For several decades, a lack of comprehensive sexual education has harmed the health and safety of people across all sexual identities. At the dawn of discovering our sexualities, we are taught to suppress and stigmatize them, rather than becoming educated about our bodies, healthy relationships, and how to maintain positive health outcomes. From the void of knowledge purposefully left by our public education system, many turn to their families, peers, and the internet to educate themselves about sex and relationships.
We are all too familiar with the shortcomings of this method; unplanned pregnancies, sexually transmitted infections, bodily injury, and domestic violence just to name a few. But for those of us in the Queer community, we are completely left to fend for ourselves when it comes to education on our physical and emotional well-being. We have been systematically neglected by being left out of the conversation and by the stigmatization of the tools and information we need to achieve positive health outcomes.
It goes without saying that both access to healthcare and education are fundamental human rights. When you are prevented from being educated about your body and your sexuality, it does not just result in negative health outcomes, your human rights have been violated as well.
Through a combination of rising public acceptance, medical advancements, and a digital renaissance; humongous strides have been made in reclaiming our health and well-being. Providers like the Kind Clinic seek to empower and treat our community without judgment, shame, or dogmatism. They arm us with facts, support, and empowering knowledge about our bodies. When we as a community lack the resources and information we need to maintain our health and safety, we are prevented from living as our authentic selves. We are held back from wanting to find connections through relationships or fall into making decisions that result in negative health outcomes.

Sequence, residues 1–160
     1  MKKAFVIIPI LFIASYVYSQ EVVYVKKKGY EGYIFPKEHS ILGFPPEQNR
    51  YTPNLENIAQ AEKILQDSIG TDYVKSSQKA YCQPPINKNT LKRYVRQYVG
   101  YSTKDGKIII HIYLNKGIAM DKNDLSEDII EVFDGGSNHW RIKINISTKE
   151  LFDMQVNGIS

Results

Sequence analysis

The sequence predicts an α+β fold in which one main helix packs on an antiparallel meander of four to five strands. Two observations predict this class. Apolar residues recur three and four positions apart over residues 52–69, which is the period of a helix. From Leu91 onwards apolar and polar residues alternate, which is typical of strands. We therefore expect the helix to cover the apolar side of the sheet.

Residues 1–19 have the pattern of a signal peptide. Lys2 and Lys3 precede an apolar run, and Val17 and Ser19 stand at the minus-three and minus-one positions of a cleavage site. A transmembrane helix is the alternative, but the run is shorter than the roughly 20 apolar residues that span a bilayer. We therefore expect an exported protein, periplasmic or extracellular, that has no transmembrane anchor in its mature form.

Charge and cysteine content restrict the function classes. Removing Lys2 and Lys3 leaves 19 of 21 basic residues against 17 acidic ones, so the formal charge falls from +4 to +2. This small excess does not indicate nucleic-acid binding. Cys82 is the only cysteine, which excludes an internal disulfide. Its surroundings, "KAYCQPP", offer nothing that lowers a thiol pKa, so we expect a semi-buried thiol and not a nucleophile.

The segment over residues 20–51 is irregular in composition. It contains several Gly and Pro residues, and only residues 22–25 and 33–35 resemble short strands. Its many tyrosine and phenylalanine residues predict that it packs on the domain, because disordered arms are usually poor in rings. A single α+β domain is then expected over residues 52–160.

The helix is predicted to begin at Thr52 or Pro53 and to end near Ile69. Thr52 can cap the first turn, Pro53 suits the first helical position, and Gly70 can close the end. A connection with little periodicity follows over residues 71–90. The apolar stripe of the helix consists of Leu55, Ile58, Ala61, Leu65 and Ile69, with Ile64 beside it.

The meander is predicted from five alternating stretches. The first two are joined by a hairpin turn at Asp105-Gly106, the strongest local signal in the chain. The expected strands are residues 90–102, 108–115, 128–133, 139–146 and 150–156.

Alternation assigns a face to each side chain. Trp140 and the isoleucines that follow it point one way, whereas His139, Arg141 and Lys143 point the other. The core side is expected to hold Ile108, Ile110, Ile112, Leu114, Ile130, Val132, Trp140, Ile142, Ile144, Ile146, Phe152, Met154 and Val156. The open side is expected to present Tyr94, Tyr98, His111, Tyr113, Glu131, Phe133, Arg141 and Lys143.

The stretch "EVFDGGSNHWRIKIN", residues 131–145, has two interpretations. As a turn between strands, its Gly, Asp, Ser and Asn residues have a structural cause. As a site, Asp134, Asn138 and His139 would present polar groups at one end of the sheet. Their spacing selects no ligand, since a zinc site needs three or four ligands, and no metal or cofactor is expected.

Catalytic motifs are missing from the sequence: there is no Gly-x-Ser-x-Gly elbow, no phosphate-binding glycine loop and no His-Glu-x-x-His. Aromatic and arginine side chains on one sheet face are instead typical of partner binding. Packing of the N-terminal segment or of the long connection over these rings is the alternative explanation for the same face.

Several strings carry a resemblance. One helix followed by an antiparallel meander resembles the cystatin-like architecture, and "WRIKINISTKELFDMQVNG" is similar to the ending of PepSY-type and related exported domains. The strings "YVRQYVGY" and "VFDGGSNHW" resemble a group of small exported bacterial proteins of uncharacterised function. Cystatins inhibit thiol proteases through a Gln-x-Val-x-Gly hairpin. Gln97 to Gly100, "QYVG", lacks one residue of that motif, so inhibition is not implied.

Personally, I have been fortunate enough to obtain the proper knowledge on how to safely navigate both my physical and interpersonal relationships. I have been privileged enough to have health insurance to keep me on prescriptions like PrEP. I have been lucky enough to find a supportive and empowering provider like the Kind Clinic that enables positive health outcomes. The result?
I am liberated to live as my authentic self. I am free to live without shame and fear. I am empowered to pursue and maintain healthy relationships. I am enabled to be in the driver’s seat of my health and well-being.
Those who stand against our community understand this far too well. The Affordable Care Act mandates that insurance providers cover preventive medications like PrEP, and several attempts are being made for this provision to be reversed. In the fight to both progress and preserve Queer liberation, we must always defend our access to medication and healthcare from those who seek to take it away from us. For me, access to PrEP will always be access to Freedom.
David Eisenberg has been a resident of Austin, TX and a patient of the Kind Clinic for the past 5 years. Originally from Houston, David obtained his B.A in Communication Studies from Texas State University and has worked in Talent Acquisition for various technology companies in the Austin area. In his free time you can find David working out, doing upkeep on his aquariums, spending time at Lake Travis, or enjoying Austin’s vibrant local drag scene.